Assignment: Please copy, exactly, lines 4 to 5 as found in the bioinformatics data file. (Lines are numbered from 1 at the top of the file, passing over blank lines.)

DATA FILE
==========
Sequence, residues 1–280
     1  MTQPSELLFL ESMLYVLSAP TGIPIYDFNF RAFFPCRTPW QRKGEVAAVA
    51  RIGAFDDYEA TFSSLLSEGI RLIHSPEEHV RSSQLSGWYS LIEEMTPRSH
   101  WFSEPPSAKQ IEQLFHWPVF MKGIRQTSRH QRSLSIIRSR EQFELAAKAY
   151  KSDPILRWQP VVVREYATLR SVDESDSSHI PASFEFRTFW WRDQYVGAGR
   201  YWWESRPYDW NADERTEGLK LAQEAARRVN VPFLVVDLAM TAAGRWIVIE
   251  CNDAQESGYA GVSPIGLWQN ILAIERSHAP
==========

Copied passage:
   101  WFSEPPSAKQ IEQLFHWPVF MKGIRQTSRH QRSLSIIRSR EQFELAAKAY
   151  KSDPILRWQP VVVREYATLR SVDESDSSHI PASFEFRTFW WRDQYVGAGR